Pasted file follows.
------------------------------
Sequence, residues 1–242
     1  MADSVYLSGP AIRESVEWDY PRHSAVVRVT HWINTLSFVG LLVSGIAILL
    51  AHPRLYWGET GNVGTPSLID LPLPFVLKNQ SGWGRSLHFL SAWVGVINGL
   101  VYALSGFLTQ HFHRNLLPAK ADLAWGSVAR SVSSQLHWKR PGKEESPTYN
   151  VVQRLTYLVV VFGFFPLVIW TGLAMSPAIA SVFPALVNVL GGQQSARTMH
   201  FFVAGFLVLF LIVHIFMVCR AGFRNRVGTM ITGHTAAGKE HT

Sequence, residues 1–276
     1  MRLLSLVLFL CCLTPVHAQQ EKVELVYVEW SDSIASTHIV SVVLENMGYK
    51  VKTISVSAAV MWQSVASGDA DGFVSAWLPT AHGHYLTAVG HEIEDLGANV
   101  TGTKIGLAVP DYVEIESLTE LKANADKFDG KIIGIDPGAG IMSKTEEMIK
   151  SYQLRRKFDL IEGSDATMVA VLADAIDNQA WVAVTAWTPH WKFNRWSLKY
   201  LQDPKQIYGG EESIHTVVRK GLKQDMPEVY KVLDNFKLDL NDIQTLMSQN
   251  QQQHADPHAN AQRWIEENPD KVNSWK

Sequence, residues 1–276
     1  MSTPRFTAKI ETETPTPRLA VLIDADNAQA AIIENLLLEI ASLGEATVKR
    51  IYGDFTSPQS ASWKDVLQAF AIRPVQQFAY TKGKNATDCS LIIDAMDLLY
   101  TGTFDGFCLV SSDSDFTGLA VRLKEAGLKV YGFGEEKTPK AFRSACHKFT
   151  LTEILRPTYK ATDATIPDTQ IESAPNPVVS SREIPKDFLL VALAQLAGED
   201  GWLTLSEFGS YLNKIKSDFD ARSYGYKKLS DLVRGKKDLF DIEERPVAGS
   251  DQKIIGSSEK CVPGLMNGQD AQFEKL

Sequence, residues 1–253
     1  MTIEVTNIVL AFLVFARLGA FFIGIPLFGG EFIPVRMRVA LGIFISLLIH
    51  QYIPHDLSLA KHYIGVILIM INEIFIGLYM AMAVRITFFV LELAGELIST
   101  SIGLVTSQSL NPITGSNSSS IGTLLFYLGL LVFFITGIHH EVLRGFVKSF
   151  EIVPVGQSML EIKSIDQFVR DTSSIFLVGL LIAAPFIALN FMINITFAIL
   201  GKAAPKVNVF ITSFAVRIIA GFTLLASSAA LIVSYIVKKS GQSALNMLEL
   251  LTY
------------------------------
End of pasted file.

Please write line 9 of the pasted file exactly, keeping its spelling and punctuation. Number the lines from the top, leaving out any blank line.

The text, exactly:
    51  VKTISVSAAV MWQSVASGDA DGFVSAWLPT AHGHYLTAVG HEIEDLGANV